Coffee in Worcester: Artichoke Co-op

posted by Mike on October 7th, 2007

This week Bruce and I grabbed some free coffee at the Artichoke food co-op, 800 Main Street, Worcester, MA.

PIEANDCOFFEE: It’s time for the hammer of judgement to smite the co-op.

BRUCE: This episode . . . gonna introduce this episode, it’s called Pie and Coffee. And we’re here to interview about the Artichoke and the experience that went on there yesterday.

PIE: So they had free coffee yesterday.

BRUCE: They did.

PIE: They usually don’t have pre-made coffee. I think they just have the beans.

What did you think of the coffee?

BRUCE: It was very good, but it was very strong.

PIE: You don’t like it so strong?

BRUCE: I love it strong.

PIE: What do you think of the ambience of the Artichoke?

BRUCE: Wha–the who?

PIE: What do you think about the whole vibe of the place?

BRUCE: Well yesterday was pretty different. It’s not like that all the time. I mean, very few people go in there.

PIE: They haven’t had very much food recently, either. They’ve been a little understocked. Last week at a City Council election forum, Barbara Haller was trumpeting her association with the co-op, and I wanted somebody to ask her, “Why don’t you have that place have some food, then?”

BRUCE: When you think of the Artichoke, most people don’t really know what the Artichoke is. To some people, they think it’s some kind of rubbery pineapple.

PIE: What is it?

BRUCE: It’s really a co-op, but they named it Artichoke. I’m surprised they don’t have any artichokes there!

PIE: They have avocados there. You ever eat those?


PIE: I’m a big avocado fan.

BRUCE: Yesterday…

PIE: One of the customers yesterday recognized you. She said, “What do they call you? The Snow Ghost?”

BRUCE: And she asked you, “Don’t you pretend to be the Snow Ghost?”

PIE: And I said, “Of course I don’t pretend to be the Snow Ghost!”

BRUCE: I persuaded the woman, I said, “I am the Snow Ghost. You can tell, because I’m the handsome, funny one.” She just kinda laughed.

PIE: Well, they were shooting an episode of Worcester Love there. You ever see any of these episodes on the Internet? This is like a thing where Andrea Ajemian and Kaz Gamble have been putting together these little videos. They’ve been finding someone to sponsor each one, and they’re putting them up on YouTube. I’ve enjoyed them. And they were filming yesterday. People were coming in out of the street to goof around in front of the cameras. It was a good vibe.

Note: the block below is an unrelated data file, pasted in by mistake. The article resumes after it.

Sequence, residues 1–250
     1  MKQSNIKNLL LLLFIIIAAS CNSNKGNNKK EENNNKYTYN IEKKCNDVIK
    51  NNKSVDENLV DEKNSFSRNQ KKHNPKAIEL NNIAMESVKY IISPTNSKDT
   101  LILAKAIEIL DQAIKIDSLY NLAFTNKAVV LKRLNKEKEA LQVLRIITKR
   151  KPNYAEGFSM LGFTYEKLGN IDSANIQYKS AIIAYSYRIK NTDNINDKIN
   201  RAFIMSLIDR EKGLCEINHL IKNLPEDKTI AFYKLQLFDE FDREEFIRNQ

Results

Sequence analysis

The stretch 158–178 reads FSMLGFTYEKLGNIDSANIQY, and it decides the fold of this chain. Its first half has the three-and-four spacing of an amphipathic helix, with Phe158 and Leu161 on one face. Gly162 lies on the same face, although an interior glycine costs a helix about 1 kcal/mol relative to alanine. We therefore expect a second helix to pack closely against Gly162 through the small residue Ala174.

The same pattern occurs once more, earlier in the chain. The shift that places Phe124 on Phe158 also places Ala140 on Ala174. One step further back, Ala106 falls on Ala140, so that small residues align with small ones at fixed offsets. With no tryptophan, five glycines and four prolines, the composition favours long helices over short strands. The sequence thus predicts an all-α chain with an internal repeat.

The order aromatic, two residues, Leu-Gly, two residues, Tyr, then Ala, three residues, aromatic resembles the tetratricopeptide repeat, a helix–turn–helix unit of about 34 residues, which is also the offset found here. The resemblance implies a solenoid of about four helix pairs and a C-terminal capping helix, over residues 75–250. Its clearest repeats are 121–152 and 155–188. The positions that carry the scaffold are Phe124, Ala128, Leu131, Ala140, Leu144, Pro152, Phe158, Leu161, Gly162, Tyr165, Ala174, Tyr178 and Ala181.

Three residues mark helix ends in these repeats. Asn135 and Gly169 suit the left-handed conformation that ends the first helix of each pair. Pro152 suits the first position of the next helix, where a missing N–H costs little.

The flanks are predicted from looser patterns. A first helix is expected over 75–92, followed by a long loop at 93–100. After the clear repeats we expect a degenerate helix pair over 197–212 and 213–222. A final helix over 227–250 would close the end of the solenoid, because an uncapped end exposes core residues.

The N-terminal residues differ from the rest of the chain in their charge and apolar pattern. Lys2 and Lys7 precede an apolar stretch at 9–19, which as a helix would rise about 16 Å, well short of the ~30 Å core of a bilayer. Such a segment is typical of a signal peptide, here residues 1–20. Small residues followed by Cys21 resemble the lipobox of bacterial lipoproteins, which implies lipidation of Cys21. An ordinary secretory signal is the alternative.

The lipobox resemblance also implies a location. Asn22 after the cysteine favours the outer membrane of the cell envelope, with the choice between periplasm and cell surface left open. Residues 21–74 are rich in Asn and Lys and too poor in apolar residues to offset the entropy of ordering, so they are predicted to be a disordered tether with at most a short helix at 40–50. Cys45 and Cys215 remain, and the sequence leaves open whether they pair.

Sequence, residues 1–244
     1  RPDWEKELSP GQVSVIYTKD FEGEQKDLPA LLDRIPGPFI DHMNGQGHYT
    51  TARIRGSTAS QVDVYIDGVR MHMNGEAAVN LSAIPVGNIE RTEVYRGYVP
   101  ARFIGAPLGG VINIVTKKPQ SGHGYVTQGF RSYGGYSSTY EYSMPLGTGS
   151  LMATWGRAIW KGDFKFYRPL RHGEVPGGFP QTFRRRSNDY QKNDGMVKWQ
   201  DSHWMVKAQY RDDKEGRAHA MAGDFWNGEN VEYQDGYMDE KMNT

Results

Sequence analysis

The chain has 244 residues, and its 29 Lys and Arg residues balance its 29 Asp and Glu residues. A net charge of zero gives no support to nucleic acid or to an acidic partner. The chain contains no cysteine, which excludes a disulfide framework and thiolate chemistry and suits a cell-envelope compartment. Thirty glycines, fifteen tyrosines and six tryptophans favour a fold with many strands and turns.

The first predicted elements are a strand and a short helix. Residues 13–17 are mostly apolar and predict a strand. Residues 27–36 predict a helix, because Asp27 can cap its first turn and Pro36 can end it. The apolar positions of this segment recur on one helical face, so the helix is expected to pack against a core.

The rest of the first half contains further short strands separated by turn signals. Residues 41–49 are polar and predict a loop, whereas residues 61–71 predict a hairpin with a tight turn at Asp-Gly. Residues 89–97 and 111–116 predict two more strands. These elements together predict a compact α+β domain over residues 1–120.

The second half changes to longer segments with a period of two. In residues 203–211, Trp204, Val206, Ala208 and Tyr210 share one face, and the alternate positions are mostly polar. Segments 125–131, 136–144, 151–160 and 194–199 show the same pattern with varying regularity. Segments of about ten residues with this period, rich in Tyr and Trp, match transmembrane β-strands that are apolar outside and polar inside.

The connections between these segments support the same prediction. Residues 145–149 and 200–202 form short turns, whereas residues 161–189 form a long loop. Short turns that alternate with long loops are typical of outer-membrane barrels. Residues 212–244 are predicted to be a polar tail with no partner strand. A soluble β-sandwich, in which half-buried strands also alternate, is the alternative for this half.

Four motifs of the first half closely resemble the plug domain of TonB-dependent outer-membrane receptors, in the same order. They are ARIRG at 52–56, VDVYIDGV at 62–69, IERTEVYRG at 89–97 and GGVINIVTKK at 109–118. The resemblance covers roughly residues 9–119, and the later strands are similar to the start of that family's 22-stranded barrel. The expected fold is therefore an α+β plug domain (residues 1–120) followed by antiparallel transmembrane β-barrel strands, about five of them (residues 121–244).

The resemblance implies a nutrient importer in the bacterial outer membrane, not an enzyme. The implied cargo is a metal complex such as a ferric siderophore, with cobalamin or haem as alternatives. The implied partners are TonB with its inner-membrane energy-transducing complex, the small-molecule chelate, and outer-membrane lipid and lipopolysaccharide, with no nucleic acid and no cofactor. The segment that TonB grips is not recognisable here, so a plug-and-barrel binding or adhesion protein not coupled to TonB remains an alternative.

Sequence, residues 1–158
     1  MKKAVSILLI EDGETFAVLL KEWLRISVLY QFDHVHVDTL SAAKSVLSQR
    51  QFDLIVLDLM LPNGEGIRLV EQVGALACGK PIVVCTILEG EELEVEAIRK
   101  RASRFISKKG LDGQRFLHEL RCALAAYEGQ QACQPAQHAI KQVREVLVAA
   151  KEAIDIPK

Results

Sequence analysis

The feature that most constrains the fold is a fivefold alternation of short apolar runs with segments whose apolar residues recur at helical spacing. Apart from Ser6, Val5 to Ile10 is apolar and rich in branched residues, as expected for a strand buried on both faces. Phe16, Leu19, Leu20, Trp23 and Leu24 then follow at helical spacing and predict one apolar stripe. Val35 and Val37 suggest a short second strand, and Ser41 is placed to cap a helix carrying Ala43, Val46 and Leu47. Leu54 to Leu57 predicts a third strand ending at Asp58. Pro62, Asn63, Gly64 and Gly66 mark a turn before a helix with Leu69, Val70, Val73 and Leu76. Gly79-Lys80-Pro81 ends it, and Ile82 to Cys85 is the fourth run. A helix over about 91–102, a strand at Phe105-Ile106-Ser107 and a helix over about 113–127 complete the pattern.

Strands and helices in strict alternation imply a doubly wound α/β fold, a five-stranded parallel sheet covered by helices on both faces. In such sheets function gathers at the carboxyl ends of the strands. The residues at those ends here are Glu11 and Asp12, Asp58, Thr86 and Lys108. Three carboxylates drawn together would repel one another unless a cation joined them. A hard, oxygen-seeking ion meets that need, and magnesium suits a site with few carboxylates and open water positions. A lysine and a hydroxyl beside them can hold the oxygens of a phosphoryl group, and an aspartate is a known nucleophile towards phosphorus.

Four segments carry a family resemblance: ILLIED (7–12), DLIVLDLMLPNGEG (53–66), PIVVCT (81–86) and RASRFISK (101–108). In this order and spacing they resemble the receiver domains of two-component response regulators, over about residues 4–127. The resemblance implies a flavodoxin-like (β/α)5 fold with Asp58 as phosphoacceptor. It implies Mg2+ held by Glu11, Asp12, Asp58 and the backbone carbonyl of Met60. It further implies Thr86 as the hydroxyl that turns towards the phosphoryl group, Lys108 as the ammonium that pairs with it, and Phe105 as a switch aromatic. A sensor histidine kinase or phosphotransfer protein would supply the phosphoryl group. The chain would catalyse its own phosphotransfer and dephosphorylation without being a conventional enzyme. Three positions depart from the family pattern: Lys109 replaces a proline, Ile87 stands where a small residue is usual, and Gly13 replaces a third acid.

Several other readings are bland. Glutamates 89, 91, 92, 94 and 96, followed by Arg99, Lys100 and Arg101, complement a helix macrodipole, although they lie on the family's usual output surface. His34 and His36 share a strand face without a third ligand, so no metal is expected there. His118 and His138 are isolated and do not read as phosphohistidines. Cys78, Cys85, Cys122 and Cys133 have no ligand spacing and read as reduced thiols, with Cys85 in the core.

BRUCE: She interviewed me a little, but I don’t know what she made of it. She smiled a lot after she talked to us some more. I must have the way of words when it comes to women.

PIE: I think so. I like the Artichoke a lot, but . . . .

I’ll lay out my Two Point Plan for the Artichoke co-op. Are you ready?

Point One is that they should denote every item that’s either locally grown, Fair Trade, or organic. One possibility is they could use a star system. You could give something a gold star if it was organic, a red star if it was locally grown, and a green star if it was Fair Trade. To whatever the Artichoke’s specifications were. So if somebody was farming organic, but wasn’t certified, the Artichoke could say, “We think this is organic.” It would be great if by every item were these stars.

And I would say to them to reconsider carrying anything that didn’t have these stars, unless they had a great price, like the bulk tofu.

Point Two is that they should just pick like the top 20 items, and say, “We’re always going to have these in stock.” One problem with the Artichoke is you go down there, and what you’re looking for is out of stock. They obviously don’t have a lot of money to invest in warehousing things. But it would be great if they could commit to 10 or 20 items.

BRUCE: Like coffee would be one of them.

PIE: I think the coffee they have is Dean’s Beans.

BRUCE: I think those beans turned into some hot brew. You had to bean there!

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